Wave of Mutilation: Best of Pixies

Wave of Mutilation: Best of Pixies

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4AD tries, tries again with Wave of Mutilation: The Best of the Pixies, the second Pixies best-of they've released since the band broke up in 1992 and the companion piece to the long-awaited, simultaneously released DVD Pixies. Lessons have been learned from 1997's half-baked Death to the Pixies: this compilation's track listing is in more or less

Overview

4AD tries, tries again with Wave of Mutilation: The Best of the Pixies, the second Pixies best-of they've released since the band broke up in 1992 and the companion piece to the long-awaited, simultaneously released DVD Pixies. Lessons have been learned from 1997's half-baked Death to the Pixies: this compilation's track listing is in more or less chronological order (although Surfer Rosa's "Where Is My Mind?" pops up in the middle of the album, after a string of Doolittle tracks), which helps the flow of the collection; since each of the Pixies' albums had its own distinctive feel, the cut'n'paste approach of the previous best-of didn't always serve the songs it collected. More importantly, Wave of Mutilation boasts 23 songs, as opposed to the 17 on the best-of disc on Death to the Pixies. While, theoretically, 23 tracks should be enough to capture most, if not all, of the band's definitive moments, that's not quite the case here. The collection does a good job of compiling the band's singles, two excellent B-sides ("Into the White" and "Winterlong"), and many of their key album tracks, but those are so numerous that, for the second time, more than a few of the Pixies' best songs have been left off of their best-of album. The picks from Doolittle are more or less perfect (although including the wonderfully creepy "I Bleed" certainly would've earned some extra credit), but several near-essential songs from each of their other albums are missing in action. Surfer Rosa's "Cactus" and "River Euphrates" are at the top of that list. Come On Pilgrim's "I've Been Tired" and "Levitate Me" are missed nearly as much, even though including them would bring the total songs from the eight-song mini-album that appear on Wave of Mutilation to five (making a case for Come On Pilgrim to be considered the Pixies' most consistent -- if not best -- work). Not coincidentally, the albums that get the shortest shrift on the collection, Bossanova and Trompe le Monde, have also been downplayed in the set lists of the Pixies' reunion concerts. Yes, those two albums aren't quite as strong or immediate as what preceded them. And yes, "Velouria," "Allison," and "Dig for Fire," and "U-Mass," "Alec Eiffel," and "Planet of Sound" are good selections from Bossanova and Trompe le Monde. However, the best moments from these albums (that don't already appear on the compilation) reflect the atmospheric sound that made them so unique in the Pixies' catalog. Bossanova's "The Happening" or "All Over the World" would've been apt nods to the band's sci-fi fetish, while "Letter to Memphis," "The Sad Punk," "Motorway to Roswell," or the title track from Trompe le Monde also would've worked well on the collection. One final, more minor flaw is the collection's bright, shiny artwork, which recalls the mid-'90s work that the design studio v23 did for 4AD artists like Belly and the Breeders. It's attractive, but a little faceless and lacking the dramatic surrealism of Simon Larbalastier's photos, which clothed the Pixies' albums in what seemed like stills from the dreams and nightmares unspooling in the band's songs. In some ways, for die-hard Pixies fans it's easier to miss what isn't here than to appreciate what is; then again, fans can (and probably have) made their own master mixes of what they consider the Pixies' greatest hits. Even though the best way to experience the band is still devouring each of their albums, Wave of Mutilation: The Best of the Pixies is intended as a primer to their work, and -- fannish nitpicking aside -- it's a far better overview than what was available before.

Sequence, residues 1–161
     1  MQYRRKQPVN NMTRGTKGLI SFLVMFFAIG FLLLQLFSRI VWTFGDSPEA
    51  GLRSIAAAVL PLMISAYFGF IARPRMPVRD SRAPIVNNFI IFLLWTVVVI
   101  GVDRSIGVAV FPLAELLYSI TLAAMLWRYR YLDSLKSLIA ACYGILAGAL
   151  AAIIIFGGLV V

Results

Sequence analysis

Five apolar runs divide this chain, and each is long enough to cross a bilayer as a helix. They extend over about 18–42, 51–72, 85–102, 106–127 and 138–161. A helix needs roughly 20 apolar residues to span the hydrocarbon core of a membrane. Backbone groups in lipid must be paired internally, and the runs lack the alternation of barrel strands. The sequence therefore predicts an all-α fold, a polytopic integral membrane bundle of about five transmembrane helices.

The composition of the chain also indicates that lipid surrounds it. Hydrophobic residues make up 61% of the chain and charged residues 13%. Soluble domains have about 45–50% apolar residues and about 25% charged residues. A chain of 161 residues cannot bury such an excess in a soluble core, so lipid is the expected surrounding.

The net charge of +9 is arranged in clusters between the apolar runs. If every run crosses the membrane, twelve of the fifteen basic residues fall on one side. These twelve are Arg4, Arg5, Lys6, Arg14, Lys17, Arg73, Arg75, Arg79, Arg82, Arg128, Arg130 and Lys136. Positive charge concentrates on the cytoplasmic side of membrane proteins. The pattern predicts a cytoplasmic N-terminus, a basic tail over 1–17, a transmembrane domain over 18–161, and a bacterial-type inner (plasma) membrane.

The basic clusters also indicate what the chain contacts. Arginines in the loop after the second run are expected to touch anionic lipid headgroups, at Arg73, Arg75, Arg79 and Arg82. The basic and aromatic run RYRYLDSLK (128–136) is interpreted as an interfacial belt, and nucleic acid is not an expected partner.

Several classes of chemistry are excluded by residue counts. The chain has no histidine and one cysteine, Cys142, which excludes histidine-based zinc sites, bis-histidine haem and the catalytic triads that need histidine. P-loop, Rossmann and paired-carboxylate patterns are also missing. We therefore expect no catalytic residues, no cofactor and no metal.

Editorial Reviews

Blender - Jonah Weiner
This is a fine introduction to a stunning, endlessly enigmatic career.

Product Details

Release Date:
05/04/2004
Label:
4ad / Ada
UPC:
0652637240627
catalogNumber:
72406
Rank:
24703

Tracks

Album Credits

Performance Credits

Pixies   Primary Artist
Kim Deal   Bass,Vocals,Group Member
Eric Drew Feldman   Synthesizer,Keyboards
Black Francis   Vocals,Group Member
Karen Karlsrud   Violin
David Lovering   Drums,Group Member
Joey Santiago   Guitar,Group Member
Arthur Fiacco   Cello
Corine Metter   Violin
Ann Rorich   Cello

Technical Credits

Neil Young   Composer
Gary Smith   Producer
Frank Black   Composer
Steve Albini   Producer,Engineer
Kim Deal   Composer
Black Francis   Composer
Paul Q. Kolderie   Engineer
Gil Norton   Producer
Chris Bigg   Art Direction
Vaughan Oliver   Art Direction
Alistair Clay   Engineer
Jason Love   Cover Photo

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Wave of Mutilation: Best of Pixies 5 out of 5 based on 0 ratings. 2 reviews.
Guest More than 1 year ago
Really any Pixie fan wouldnt care for ANOTHER collection, we have the CDs. But leaves one questioning, does this mean there is a new studio album in the works? Or is this just for the buzz for the tour. Either way, happy that there is a possible future. BUY the DVD, it RAWKS. I give it 5 stars cause it is the Pixies!!! :)
Anonymous More than 1 year ago